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finished The Tin Roof Blowdown

Burke sure does know how to be poetic. Check the final paragraph of the epilogue, which I have decided to include here in its entirety (not really so much of a spoiler at all because it is Robicheaux’s *fantasy* ending):

“In my fantasy, I see Bertrand far out on the water, pulling on the oars, his arms pumped with his task, the ruined city of New Orleans becoming smaller and smaller in the distance, a great darkness spreading across the sky just after sunset. The blisters on his hands turn into wounds that stain the wood of the oars with his blood. As the wind rises and the water becomes even blacker, he sees hundreds if not thousands of lights swimming below the surface. Then he realizes the light are not lights at all. They have the shape of broken Communion wafers and the luminosity that radiates from them lies in the very fact they have been rejected and broken. But in a way he cannot understand, Bertrand knows that somehow all of them are safe now, including himself, inside a pewter vessel that is as big as the hand of God.”

I call that rhythmic, lyrical and hopeful, and even I, with my failure to grasp biblical allusions, can see the significance of blood staining the wooden oars.

I find it notable that Robicheaux deals somewhat sympathetically with a character who is a rapist. Some might be offended, I suppose (especially if you take my statement straightforwardly, which would be a mistake), but it’s not simple at all. Robicheaux is disgusted with this individual and the pain he’s caused. But in a very realistically, human, ambivalent way, he recognizes that we are all at least a little bit a product of our environments, and that perhaps everything is at least a little bit relative. The character in question makes some form of amends, at least within the structure of his own understanding. It’s complicated. I’m not particularly sympathetic with rapists myself (!!) but I appreciate that Burke portrays everything to do with human nature and sin and redemption as being complex and not black-and-white (no pun intended, in a book definitely charged with racial tension as all Burke’s books are – probably unavoidable considering the setting).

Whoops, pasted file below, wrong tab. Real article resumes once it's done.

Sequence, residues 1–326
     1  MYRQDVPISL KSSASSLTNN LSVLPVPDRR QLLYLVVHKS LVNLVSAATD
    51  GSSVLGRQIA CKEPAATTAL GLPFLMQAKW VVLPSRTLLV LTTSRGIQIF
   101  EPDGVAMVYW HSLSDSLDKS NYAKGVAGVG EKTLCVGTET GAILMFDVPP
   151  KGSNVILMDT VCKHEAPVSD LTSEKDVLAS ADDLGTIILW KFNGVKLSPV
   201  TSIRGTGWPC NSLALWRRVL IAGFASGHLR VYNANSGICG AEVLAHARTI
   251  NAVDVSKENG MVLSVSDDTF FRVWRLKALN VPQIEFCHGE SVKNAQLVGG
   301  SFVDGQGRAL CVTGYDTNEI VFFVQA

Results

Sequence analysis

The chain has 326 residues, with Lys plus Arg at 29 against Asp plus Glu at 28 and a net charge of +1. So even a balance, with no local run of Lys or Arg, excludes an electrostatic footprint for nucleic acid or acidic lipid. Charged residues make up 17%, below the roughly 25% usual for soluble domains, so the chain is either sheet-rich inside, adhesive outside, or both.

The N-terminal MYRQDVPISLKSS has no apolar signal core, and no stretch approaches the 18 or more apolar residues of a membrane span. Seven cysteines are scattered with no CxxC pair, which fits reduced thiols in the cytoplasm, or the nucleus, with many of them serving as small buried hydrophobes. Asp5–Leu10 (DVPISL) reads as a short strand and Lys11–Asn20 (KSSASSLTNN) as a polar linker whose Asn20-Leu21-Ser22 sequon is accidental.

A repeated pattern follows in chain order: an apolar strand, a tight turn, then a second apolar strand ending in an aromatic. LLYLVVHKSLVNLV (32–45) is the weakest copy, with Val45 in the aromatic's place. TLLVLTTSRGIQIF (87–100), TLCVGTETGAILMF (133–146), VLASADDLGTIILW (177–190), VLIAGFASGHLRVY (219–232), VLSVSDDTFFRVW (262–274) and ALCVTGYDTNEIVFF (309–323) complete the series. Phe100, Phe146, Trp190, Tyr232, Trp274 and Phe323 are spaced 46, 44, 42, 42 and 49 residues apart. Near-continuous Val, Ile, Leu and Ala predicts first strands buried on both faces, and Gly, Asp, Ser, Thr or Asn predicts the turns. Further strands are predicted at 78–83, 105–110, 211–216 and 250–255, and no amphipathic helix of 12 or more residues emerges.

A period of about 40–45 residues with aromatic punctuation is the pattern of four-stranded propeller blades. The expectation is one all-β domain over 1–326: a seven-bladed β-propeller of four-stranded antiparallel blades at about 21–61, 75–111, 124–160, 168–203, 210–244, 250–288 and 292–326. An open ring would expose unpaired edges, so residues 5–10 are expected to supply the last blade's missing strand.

I confess that Cadillac Jukebox let me down just a bit, but The Tin Roof Blowdown has been so outstanding that I think I’m ready to make a James Lee Burke crusade like I did on Michael Connelly a few months back – and try and read everything he’s written.

But then again, there are so many good books in the world…

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